SDEROT, Israel — In less than two weeks, Israel has endured more than a thousand rockets.
Yet, the casualty toll so far from a rocket strike during the conflict is one Israeli citizen.
In many ways, Israel’s Operation Protective Edge — its third Gaza operation in six years — is much like previous Israeli campaigns in the territory. Israel has used airstrikes to exact a toll on Hamas and has massed troops on the Gaza border, threatening a ground invasion.
So far, Israel has conducted nearly 1,500 airstrikes over Gaza, with 166 Gazans having died as of Monday.
But in the absence of Israeli fatalities, this conflict has been like no other in the country’s history. Despite Hamas rockets that travel farther than ever, Israel’s Iron Dome missile defense system has intercepted 90 percent of the rockets heading toward population centers, and early-warning sirens and shelters have protected residents.
Iron Dome was first used during Israel’s 2012 conflict with Hamas, though the system has added batteries and been more fully developed since. In that conflict, six Israelis were killed, five of them from rocket fire.
Hamas’ total failure this time to kill Israelis — though several have been injured by rockets — has allowed most Israelis to continue their daily lives. And even amid discussion of a cease-fire, it has given the army breathing room to continue its mission.
“We are striking Hamas with increasing strength,” said Israeli Prime Minister Benjamin Netanyahu at a Cabinet meeting Sunday, addressing Israeli citizens. “Regarding civil defense, one needs not only an Iron Dome but iron discipline as well. You have shown this up until now. This could yet take a long time, and we need both your support and your discipline.”
Israel’s goal in this conflict is to destroy Hamas’ rocket stocks and launchers while reasserting the Israel Defense Forces’ military deterrence. Meanwhile, the Israeli home front has been guarded by Iron Dome. Within seconds of when a rocket is launched, Iron Dome identifies the type of missile fired, maps where it came from and where it will land, and — if necessary — fires a missile to knock it out of the sky.
The missile defense system has managed to intercept about 90 percent of its targets.
“If anyone hit nine of 10 in the Major Leagues, he would be cast in gold and sent to Cooperstown,” Eran Lerman, deputy chief of Israel’s
National Security Council, told a Jewish Federations of North America delegation Monday, referring to America’s baseball Hall of Fame.
Lerman hailed Israel’s “remarkable ability to defend ourselves technologically.”
Experiencing loss of life from war has been central to the Israeli experience. Yom Hazikaron, Israel’s Memorial Day, is a solemn occasion for the country. Civilian and military deaths have been a key part of the calculus of when to begin and end military campaigns.
With Protective Edge, Israel has so far experienced a new kind of conflict.
But Amichai Cohen, a research fellow at the Israel Democracy Institute, wrote that Iron Dome could lead to more blame being assigned to Israel because its civilians are less exposed to harm than is Gaza’s population.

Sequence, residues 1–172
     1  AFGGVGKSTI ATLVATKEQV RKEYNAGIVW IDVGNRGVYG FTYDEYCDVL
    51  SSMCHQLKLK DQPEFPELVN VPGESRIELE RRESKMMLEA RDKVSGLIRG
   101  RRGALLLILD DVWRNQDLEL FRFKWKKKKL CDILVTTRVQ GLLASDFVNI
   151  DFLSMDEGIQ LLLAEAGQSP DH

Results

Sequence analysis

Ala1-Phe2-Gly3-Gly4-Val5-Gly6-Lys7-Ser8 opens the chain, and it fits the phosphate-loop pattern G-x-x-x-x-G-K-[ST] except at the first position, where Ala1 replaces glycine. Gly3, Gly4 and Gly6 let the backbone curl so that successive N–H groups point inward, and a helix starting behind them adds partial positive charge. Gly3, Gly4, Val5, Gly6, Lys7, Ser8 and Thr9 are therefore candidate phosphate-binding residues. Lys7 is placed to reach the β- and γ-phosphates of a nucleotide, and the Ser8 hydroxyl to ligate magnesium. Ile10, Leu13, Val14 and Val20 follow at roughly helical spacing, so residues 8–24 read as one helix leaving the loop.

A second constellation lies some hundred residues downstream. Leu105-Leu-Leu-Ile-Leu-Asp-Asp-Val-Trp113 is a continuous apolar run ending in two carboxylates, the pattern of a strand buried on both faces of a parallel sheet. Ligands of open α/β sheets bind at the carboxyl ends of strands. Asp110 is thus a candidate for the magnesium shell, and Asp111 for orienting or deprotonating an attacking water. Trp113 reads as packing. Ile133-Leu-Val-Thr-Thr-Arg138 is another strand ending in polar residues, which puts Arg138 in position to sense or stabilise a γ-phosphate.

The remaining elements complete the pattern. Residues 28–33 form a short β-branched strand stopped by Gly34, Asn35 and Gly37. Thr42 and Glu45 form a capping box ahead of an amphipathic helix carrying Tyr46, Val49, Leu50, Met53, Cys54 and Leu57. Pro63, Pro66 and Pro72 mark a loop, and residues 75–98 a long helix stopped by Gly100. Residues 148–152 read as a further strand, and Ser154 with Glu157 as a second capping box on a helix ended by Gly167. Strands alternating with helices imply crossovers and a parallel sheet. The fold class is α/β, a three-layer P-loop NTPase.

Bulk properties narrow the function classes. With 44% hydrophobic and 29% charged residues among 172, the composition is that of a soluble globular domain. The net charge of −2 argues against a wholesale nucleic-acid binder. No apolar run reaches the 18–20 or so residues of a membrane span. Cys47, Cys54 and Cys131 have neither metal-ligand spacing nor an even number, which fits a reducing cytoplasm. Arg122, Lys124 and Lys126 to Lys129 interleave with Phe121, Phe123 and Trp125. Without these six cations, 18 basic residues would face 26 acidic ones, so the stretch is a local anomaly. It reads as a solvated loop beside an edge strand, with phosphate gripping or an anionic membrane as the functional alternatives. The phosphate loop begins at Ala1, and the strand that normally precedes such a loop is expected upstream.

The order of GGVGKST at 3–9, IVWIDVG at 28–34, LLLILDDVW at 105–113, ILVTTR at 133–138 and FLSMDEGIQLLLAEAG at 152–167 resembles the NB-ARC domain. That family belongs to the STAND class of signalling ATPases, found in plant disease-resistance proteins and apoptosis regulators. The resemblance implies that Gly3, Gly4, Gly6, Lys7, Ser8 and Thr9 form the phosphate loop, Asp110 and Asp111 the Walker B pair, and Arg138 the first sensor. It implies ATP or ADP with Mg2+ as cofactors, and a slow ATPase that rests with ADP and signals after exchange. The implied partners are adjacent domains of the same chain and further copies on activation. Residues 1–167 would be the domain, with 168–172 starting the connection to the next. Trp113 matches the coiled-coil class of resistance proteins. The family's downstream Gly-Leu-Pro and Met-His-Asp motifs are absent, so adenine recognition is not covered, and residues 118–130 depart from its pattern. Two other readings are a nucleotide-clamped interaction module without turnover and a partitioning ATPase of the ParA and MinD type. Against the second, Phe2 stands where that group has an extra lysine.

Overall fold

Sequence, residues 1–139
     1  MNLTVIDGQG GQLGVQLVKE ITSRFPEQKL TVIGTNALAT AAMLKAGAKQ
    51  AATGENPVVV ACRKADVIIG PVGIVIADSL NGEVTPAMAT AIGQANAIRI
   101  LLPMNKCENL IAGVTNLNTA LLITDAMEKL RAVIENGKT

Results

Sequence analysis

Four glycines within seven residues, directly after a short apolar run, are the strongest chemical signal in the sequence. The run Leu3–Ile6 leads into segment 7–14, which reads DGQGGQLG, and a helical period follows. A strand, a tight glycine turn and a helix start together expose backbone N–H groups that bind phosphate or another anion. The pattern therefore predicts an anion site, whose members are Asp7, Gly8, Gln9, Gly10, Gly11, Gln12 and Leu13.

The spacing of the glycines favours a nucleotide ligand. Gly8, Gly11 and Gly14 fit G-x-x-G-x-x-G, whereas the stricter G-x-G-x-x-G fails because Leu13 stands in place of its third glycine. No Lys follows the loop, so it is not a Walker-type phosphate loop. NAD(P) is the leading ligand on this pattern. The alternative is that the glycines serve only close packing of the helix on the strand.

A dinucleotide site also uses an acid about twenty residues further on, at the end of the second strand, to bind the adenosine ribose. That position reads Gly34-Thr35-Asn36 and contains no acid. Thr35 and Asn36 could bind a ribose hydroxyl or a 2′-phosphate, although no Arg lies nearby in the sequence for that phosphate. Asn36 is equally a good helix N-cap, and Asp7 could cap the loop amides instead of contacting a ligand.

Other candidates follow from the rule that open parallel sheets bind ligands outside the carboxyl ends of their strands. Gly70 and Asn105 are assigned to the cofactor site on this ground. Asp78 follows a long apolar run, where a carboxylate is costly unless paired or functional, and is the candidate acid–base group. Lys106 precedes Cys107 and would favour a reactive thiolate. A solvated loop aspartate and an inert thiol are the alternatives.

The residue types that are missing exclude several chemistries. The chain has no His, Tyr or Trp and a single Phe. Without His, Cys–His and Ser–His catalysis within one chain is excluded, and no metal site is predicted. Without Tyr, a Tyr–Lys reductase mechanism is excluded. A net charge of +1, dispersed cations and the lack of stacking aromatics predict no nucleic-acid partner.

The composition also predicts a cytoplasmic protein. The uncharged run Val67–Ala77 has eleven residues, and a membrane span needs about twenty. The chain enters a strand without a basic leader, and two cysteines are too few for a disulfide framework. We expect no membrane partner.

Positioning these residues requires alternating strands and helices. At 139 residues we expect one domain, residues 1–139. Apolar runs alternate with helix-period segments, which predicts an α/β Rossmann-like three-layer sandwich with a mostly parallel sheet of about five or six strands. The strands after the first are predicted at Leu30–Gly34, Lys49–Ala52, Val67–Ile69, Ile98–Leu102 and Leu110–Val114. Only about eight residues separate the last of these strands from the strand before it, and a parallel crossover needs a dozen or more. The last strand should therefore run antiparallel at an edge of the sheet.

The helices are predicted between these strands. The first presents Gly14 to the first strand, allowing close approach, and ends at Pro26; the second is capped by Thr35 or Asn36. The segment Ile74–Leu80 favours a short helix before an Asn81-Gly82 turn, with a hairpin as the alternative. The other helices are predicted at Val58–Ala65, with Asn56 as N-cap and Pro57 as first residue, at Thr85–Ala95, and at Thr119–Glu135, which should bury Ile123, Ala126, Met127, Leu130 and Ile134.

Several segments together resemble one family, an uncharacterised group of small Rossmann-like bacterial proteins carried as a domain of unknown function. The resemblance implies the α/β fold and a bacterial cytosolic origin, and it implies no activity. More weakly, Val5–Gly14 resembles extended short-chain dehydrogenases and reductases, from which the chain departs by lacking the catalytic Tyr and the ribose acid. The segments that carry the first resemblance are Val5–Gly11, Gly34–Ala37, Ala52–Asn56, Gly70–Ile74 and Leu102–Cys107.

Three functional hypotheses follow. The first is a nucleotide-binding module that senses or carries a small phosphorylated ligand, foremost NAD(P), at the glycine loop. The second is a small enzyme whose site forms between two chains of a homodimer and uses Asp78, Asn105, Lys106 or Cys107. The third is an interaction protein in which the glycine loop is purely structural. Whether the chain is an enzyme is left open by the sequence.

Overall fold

“Given the real, yet much smaller threat that rockets pose to Israeli civilian lives after the invention of Iron Dome, there is a real question of whether the IDF’s freedom of action has been curtailed,” Cohen wrote in an email sent out Monday by his institute. “Is the IDF, in effect, penalized for this life-saving technology?”
One place that doesn’t benefit from Iron Dome is Sderot, a city in the western Negev that has been absorbing Qassam rockets from Gaza since 2000. Because Sderot is only about a half-mile from the Gaza border, Iron Dome doesn’t have time to intercept the rockets. Residents have 15 seconds from the time of a warning siren to run for shelter.
Speaking to leaders of North American Jewish community federations who came to show solidarity with the city, Sderot’s mayor, Alon Davidi, encouraged the Israeli army to fight until it eliminates Hamas’ offensive capabilities. He said that the long-range rockets now being fired into the rest of the country have made millions of Israelis understand what Sderot has had to endure.
“All of the country feels what it means to want to save your life,” Davidi said. “In Tel Aviv they have two minutes. We have 15 seconds. We have a joke: If we lived in Tel Aviv we could take a shower and make coffee” before seeking shelter.
“We pray the army can do the job and succeed with the operation,” he added.
Many Israelis would likely welcome the respite from running to bomb shelters that a cease-fire would provide. But Talia Levanon, head of the Israel Trauma Coalition, said that if this operation ends like Israel’s last in 2012, there will hardly be a break in the conflict for Sderot.
Whether “it’s called an operation or it’s called a war, we need to seek shelter with my children and grandchildren, “ Levanon said. “Right now we speak of a cease-fire. We’ll wait a year or two years for it to happen again. We’re always licking the wounds of the previous operation and preparing for next time.”